Mediator: Tsvi Tlusty, Princeton Institute for Advanced Studies
Organization: 3 half-days, End of May 2013
Self-reference is a very old idea and an even older myth: Ouroboros, the self-eating serpent, was an icon of ancient religions. Self-reflexivity occurs very naturally when we think or talk about ourselves, for example the first person pronoun "I". It is frequently used in the arts, for example in Don Quixote or in Magritte's painting "ceci n'est pas une pipe". The idea of self-reference is central in the foundations of mathematics, philosophy, linguistics and computation. All these fields are related to the basic liar paradox that we encounter when reading the phrase "this sentence is wrong" and asking whether it is true or false. This paradox lead to Gödel's theorem and to Turing's formulation of computability through the use of recursive functions. The same ideas are linked to self-reproducing machines, and in particular to the molecular machinery of living systems and to the emergence of Life. In the lectures we will review these concepts and relations from various formal and informal angles.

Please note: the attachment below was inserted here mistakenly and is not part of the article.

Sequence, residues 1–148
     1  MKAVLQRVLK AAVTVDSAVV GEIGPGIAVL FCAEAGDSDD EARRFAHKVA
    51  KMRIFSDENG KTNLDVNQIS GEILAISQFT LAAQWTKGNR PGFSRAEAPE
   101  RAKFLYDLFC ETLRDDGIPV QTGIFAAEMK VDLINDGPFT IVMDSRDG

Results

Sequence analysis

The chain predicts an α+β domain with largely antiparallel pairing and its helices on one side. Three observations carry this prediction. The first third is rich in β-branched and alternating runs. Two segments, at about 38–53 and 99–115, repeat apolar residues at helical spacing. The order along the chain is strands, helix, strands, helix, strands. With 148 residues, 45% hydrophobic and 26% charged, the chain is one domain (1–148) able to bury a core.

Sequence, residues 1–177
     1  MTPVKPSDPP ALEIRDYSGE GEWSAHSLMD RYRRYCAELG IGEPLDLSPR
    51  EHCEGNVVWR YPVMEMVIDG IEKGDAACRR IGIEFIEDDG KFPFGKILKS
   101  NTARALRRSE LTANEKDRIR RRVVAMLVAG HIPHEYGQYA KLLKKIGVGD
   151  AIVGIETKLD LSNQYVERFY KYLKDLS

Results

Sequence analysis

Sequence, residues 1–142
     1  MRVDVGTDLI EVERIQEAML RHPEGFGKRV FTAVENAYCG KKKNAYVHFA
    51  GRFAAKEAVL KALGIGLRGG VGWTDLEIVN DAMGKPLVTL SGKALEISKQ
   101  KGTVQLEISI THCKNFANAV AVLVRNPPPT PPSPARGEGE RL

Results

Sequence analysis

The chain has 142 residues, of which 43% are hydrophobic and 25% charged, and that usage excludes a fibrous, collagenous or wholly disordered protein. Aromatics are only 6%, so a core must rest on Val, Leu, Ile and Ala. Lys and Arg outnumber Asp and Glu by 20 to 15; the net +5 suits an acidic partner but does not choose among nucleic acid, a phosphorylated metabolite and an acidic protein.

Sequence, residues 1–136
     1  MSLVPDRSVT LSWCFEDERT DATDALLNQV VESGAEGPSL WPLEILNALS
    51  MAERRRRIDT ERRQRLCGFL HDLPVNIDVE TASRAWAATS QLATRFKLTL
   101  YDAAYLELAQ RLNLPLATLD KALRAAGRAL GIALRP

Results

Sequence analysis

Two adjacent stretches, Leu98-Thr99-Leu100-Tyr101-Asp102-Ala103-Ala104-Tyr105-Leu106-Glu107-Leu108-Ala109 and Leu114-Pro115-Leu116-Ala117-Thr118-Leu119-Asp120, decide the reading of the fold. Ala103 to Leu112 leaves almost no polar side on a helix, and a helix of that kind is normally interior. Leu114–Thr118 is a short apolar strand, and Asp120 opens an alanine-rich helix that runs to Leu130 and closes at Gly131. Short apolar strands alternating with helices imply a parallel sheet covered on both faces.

- Lecture 1 - Logic paradoxes and computation (recursive functions, Gödel, Turing, Church).
- Lecture 2 - Self-reproducing machines in technology and Life (von Neumann's machines, origins of life).
- Lecture 3 - Self-reference in language and mind (dictionaries, consciousness etc.)
- Smullyan, Diagonalization and Self-Reference.
- Rogers, Theory of Recursive functions.
- Hofstadter, Gödel, Escher, Bach: an Eternal Golden Braid.
- Nagel & Newman, Gödel's proof.